Stuffed & Ready’s fiery denouement, “Distressor,” oscillates from an arpeggiated guitar and rolling drumbeat to a headbanging refrain. “The only faces I can see/Are the faces I pushed away from me/So I can just be,” Creevy wails, repeating the word “be” like a mantra. The album isn’t always hopeful, but it isn’t hopeless either, as it consistently provides a cathartic release for Creevy’s fury.

Label: Secretly Canadian Release Date: February 1, 2019 Buy: Amazon

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Review: Guster’s Look Alive Is the Sound of a Band Rejuvenated

Guster’s eighth album buzzes with inventiveness, charm, and youthful dynamism.

3.5

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Guster, Look Alive

Guster has long been associated with “college rock,” and not without reason. Even though every member of the Boston-based band is now over 40, they still make bright, hyper-polished alt-pop tailor-made for campus radio. The band’s eighth album, Look Alive, adds synths and contemporary production flourishes to their sonic repertoire, but all the hallmarks of their sound remain: winsome melodies, soaring hooks, and tight, immaculate songcraft that combines the best of Britpop, 1960s folk, and post-grunge.

Like most Guster albums, Look Alive has a few duds, a few modest successes, and at least one showstopper—a song that makes you wonder why the band was never more successful. On 2006’s Ganging Up on the Sun, that song was “Satellite,” a shimmering power-pop masterpiece that split the difference between the Shins and Neutral Milk Hotel. Here, it’s “Hard Times,” which also happens to be the least Guster-like track on the album. Drenched in Auto-Tune, buzzing synth frequencies, and stadium-ready percussion, the song doesn’t sound anything like “Satellite,” let alone like the band’s output before 2000. Yet, true to form, it’s a remarkable piece of pop. “Sinister systems keep us satisfied/These are hard times,” Ryan Miller wails. It’s a simple statement, but it makes for a stunning chorus, and Miller’s effusive delivery renders it the most cathartic moment on the album.

On “Not for Nothing,” the band ventures into dream-rock territory, surrounding themselves with icy synth textures that wouldn’t sound out of place on a Wild Nothing track, while “Hello Mister Sun” is unabashed bubblegum pop that pays homage to whimsical Paul McCartney tracks like “Penny Lane” and “Good Day Sunshine.” Likewise, the sprightly “Overexcited” bounces along with a spoken-word verse and pounding, piano-centric chorus. While none of these tracks tackle complex themes, they’re playful, infectious, and eminently listenable.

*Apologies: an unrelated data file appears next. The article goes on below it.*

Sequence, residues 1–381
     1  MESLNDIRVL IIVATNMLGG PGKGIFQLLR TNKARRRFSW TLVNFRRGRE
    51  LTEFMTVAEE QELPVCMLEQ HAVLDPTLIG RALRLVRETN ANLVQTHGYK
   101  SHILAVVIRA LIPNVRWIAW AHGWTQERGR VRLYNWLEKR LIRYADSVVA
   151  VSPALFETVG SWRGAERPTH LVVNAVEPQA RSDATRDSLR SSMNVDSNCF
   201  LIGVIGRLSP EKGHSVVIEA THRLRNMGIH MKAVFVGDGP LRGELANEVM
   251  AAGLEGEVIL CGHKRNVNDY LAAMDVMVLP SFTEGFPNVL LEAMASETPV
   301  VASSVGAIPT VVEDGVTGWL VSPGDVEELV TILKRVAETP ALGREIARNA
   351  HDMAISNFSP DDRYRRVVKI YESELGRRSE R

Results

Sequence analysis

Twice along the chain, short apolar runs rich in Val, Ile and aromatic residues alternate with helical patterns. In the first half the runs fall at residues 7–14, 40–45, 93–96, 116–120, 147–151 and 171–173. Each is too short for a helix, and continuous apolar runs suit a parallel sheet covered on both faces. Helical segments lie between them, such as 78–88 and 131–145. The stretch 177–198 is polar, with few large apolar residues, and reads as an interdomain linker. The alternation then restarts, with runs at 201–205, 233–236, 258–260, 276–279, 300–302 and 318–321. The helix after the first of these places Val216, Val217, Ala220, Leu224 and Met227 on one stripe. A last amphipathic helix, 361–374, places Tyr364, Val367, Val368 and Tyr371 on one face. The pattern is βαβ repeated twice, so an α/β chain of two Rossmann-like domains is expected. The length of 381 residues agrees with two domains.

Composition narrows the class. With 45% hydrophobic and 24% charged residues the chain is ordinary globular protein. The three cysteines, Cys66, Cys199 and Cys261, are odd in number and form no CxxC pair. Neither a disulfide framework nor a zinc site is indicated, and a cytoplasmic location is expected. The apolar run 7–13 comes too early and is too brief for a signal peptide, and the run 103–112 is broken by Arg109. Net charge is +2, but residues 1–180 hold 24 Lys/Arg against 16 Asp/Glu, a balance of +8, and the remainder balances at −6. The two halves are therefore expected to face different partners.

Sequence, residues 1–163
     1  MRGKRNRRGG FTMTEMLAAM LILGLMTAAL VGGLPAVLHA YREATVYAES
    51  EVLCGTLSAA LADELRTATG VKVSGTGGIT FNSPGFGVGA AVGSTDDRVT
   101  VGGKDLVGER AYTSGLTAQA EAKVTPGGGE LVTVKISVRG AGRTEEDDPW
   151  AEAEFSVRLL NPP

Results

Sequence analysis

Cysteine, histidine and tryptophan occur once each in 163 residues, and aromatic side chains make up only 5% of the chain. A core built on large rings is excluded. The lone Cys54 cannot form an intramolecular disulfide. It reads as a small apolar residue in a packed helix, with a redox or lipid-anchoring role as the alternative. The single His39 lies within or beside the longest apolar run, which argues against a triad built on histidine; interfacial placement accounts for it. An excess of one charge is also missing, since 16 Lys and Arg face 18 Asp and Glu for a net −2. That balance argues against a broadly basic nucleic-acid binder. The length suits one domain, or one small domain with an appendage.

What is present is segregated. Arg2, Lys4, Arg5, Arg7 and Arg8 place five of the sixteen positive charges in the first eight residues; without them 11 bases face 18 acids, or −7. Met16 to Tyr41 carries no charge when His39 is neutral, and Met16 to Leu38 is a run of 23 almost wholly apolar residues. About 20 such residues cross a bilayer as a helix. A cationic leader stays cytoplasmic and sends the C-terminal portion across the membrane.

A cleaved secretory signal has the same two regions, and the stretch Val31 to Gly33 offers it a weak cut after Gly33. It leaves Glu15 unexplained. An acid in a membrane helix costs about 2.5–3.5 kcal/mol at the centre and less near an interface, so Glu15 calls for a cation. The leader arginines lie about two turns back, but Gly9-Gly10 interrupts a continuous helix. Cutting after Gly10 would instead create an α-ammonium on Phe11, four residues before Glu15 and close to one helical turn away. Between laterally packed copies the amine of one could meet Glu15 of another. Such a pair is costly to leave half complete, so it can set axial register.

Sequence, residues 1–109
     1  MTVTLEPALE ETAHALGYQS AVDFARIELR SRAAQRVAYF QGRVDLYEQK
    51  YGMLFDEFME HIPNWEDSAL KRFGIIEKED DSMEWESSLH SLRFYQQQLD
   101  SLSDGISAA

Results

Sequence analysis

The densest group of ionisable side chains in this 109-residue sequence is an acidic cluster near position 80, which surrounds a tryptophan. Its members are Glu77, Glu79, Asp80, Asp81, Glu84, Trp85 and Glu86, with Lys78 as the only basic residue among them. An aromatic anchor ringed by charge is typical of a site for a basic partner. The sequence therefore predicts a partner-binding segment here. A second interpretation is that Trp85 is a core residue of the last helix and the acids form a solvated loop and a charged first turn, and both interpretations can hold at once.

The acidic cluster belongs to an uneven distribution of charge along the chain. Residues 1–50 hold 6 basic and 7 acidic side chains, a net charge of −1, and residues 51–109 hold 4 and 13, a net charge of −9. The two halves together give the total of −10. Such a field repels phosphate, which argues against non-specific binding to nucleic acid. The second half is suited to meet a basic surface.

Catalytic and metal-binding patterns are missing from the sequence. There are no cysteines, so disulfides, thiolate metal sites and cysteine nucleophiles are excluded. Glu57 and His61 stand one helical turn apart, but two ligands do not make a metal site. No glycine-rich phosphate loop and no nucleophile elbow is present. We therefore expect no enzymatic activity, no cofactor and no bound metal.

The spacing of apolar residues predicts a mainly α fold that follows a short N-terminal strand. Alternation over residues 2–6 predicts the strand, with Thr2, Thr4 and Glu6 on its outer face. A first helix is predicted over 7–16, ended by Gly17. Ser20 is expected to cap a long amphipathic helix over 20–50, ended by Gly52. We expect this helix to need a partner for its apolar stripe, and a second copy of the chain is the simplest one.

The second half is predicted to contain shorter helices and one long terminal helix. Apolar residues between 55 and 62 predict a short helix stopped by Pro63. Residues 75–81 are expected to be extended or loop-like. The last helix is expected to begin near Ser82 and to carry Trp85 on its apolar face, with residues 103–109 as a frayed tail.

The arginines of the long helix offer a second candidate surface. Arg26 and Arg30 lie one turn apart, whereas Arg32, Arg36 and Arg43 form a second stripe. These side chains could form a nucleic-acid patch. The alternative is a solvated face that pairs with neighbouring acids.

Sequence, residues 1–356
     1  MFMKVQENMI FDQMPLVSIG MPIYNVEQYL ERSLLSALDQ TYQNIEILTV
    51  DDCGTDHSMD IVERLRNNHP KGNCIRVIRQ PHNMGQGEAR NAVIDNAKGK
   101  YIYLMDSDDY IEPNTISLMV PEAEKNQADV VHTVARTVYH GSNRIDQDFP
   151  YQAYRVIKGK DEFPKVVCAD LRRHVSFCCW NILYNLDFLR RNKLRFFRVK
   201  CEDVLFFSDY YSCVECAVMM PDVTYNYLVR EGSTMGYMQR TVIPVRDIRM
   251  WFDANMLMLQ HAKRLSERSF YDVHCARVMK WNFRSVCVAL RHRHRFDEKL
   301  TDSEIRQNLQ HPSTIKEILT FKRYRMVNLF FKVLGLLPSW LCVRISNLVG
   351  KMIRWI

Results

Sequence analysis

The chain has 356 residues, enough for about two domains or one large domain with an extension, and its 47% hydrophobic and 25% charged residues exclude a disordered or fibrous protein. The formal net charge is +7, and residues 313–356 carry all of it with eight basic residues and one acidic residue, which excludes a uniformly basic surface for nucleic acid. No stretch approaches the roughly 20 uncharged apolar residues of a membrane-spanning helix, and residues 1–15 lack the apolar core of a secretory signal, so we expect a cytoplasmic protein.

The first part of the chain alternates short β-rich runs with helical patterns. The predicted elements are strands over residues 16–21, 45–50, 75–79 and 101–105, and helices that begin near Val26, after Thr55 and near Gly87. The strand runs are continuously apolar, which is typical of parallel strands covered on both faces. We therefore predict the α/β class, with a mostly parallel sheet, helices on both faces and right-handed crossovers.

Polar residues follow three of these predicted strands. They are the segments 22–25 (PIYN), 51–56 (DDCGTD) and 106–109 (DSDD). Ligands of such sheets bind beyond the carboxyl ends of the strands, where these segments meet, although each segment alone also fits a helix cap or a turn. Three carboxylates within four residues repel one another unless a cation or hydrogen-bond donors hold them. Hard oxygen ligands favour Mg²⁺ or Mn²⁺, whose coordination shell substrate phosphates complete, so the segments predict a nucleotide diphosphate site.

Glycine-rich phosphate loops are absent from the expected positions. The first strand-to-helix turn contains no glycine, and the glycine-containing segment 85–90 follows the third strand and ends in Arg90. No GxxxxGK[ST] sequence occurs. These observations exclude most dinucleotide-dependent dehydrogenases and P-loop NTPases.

Many of Guster’s best-known songs delve into same subject matter: newfound love, crippling heartache, the pain of being young, restless, and alone. Yet much of Look Alive is more elliptical. “Maybe we’re all criminals and this is just the scene of a crime,” Miller sings ambiguously on “Terrified,” forcing the listener to fill in the blanks. “Summertime” similarly defies easy explanation: Brimming with obscure religious imagery, whispered background vocals, and references to an unspecified war, it follows no logical narrative, instead allowing the track’s mood—a feeling of triumph over some great adversity—to tell the story.

For better and worse, Look Alive’s production mimics the spacious, ‘80s-inspired aesthetic that pervades much of contemporary indie-rock. “Don’t Go” transplants a prototypical Guster melody into a synth-soaked songscape, while the title track seems expressly engineered for Spotify’s Left of Center playlist. Still, the album never feels like the work of aging musicians struggling to stay relevant; it buzzes with inventiveness, charm, and youthful dynamism.

Label: Nettwerk Release Date: January 18, 2019 Buy: Amazon

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Review: Toro y Moi’s Outer Peace Bends Boundaries with Mixed Results

Chaz Bear’s sixth album as Toro y Moi bends the boundaries of club music, albeit with mixed results.

3.0

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Toro y Moi, Outer Peace

Having already concocted brainy dance music under the alter ego Les Sins, chillwave trailblazer, synth-pop alchemist, and psychedelic rock enthusiast Chaz Bear fully embraces the dance floor on Outer Peace, his sixth studio album as Toro y Moi. Pulling from sources as disparate as R&B, tropical house, and trap, the California-based singer bends the boundaries of club music, albeit with mixed results.

Upon first listen, it seems like Outer Peace colors a rough sketch of a dystopian future where the material is mistaken for the immaterial, technology becomes a gateway to the metaphysical, and fleeting pleasures, prompting ever greater hedonistic pursuits. It doesn’t take long to realize, though, that this dystopia isn’t some future prospect, but the present moment. With lines like “Mystic staring at his phone for oneness,” Bear masterfully defamiliarizes our world, exposing the absurdity of the digital age.

Bear charmingly pairs this oft-heavy subject matter with club-ready grooves. The existential crisis of “Who Am I” is juxtaposed with sweetly pitched-up vocals and a fizzy patchwork of synths. Bear’s playful approach to house music ensures that no amount of existential dread and doom can dampen the mood he creates throughout the album.

Bear’s tinkering, however, isn’t always transportive. The rather vanilla tropical house beat of “Baby Drive It Down” recalls Drake’s dancehall-lite, with a lifeless performance from Bear. His experimentation with trap is at first promising on “Monte Carlo,” with the support of a dreamy pillow of vocal samples, but coming in at two minutes, the track feels one note, lacking any tempo changes or even a bridge, suggesting it was perhaps better fit for an interlude.

The cover of Outer Peace depicts Bear gazing intently at a computer screen, surrounded by instruments in a clean, sterile room. He reportedly created the majority of the album during an unaccompanied two-week retreat off Northern California’s Russian River, and this isolation can be felt throughout. The album’s title represents the remarkable possibility of finding freedom from the outside world by letting loose on the dance floor and experiencing liberation in a crowd of strangers. Bear certainly takes the album there at several points, but in the limited scope and cerebral slant of these too-brief songs, he loses that outer peace.

Label: Carpark Release Date: January 18, 2019 Buy: Amazon